Squanto


Sundown. A nectar burn in the sky oozes the day out of sight. Creamy loops stay outside, left in the sun so as to feel incredibly warm, without taking their place on the backyard barbeque; they sizzle nicely under the cool halogen lights. Vanilla skies turn to pink, painting the horizon in a fond adieu before her brief vacation, singing with what is Squanto’s sweet serenade.

These melodies peel back the notion of American arcadia, of contentment within the suburban paintwork that is starting to fade with time, like that of a painted fence losing its sheen or a scraped gate that could do with a new lick. Squanto’s music is deeply reminiscent of the old, traditional sound of America, but it is also contemporary in its content, preferring to go underneath and beyond the gate instead of passing it by. The breath of music reflects the grainy evening light, perceptible in the dim like a thousand flies circling in the humid air. That scorching summer heat, particularly prevalent in July, bleeds into the evening, and although respite is offered in the dropping temperatures of dusk, during the day it can get so hot and humid it becomes difficult to breathe, sweat sticking to your t-shirt. like it was a BFF.

Music lets us take a peek into the suburban, American neighbourhoods that on the surface are living out the idyllic, star-struck banner of freedom and bravery, courtesy of The American Dream (copyright claimed). But, when you dig a little deeper, you find yourself uncovering streets that are full of secrets; a little more like Twin Peaks and a little less like Desperate Housewives. All may seem well on the surface. Xbox consoles light up the rooms, the inner fan heaving itself into overdrive as the sound of warfare echoes through a high, open window. An immense catfight takes place somewhere in a nearby alleyway, just as epic as the team death-match. Television screens broadcast the latest traumatic events as if it were ESPN’s daily highlight reel. Healthy trees line the sides of the sidewalks, through leafy, shaded suburbs that were inspired by Squanto’s aimless walks in the dark around familiar neighbourhoods; places that we know like the backs of our hands (or, at least, areas we should know), but ones that change slightly as the evening develops. It’s the colour of a diluted pearl that, when raised to the light, exposes the prismatic rainbow. Through the sound of the latest sitcom, the canned laughter, the scent of dinner and the chirping crickets out in the backyard comes the sound of an acoustic guitar, a heroic stand for harmony against the tranquil, natural noise of suburbia.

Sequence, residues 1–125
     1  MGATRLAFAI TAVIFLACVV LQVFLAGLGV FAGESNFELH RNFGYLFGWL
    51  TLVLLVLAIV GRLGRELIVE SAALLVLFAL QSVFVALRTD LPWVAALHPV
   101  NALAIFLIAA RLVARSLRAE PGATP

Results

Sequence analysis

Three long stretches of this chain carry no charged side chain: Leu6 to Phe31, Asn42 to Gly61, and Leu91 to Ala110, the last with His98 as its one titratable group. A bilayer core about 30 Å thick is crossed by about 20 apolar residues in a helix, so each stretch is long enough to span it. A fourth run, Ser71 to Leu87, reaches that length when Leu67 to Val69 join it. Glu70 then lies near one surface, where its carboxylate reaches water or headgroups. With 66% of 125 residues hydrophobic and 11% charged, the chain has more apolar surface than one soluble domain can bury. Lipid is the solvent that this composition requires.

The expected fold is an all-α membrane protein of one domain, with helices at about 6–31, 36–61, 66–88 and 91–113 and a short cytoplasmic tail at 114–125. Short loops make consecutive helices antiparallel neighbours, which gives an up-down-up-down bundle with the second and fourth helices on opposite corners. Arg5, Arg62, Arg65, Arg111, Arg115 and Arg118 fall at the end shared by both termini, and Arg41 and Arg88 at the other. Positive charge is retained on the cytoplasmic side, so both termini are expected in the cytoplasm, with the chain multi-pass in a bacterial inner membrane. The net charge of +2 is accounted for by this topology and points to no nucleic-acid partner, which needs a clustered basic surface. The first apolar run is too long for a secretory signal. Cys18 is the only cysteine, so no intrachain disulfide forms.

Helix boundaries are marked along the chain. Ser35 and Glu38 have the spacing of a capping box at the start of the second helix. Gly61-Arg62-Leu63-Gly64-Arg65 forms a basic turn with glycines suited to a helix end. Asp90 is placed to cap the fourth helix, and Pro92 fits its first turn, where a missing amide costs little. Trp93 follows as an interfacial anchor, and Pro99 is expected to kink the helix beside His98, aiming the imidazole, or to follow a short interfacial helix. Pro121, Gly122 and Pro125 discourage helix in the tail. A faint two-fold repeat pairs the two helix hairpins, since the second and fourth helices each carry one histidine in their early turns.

Squanto’s music can be heard floating through the dense traffic of downtown dissonance, and is similar in feel to the local locality; his guitar melodies are folk-influenced but not entirely placed in the genre, as cosy and as warm as an evening spent hanging out with friends, on a street where everyone knows everyone else and everyone knows your name. New Yorker Ben Lovell’s vocals are distinct and peppered with original authenticity, and the explosions of fiery noise and static leave clouds of ash in the dusk, like psychedelic cinders popping off the grill of a flaming BBQ. Acoustic guitars might sound like familiar voices, but in Squanto’s neighbourhood, static blades are unleashed, sending up black shards of dirt on the asphalt, uncovering cracks in the street – cracks in suburbia.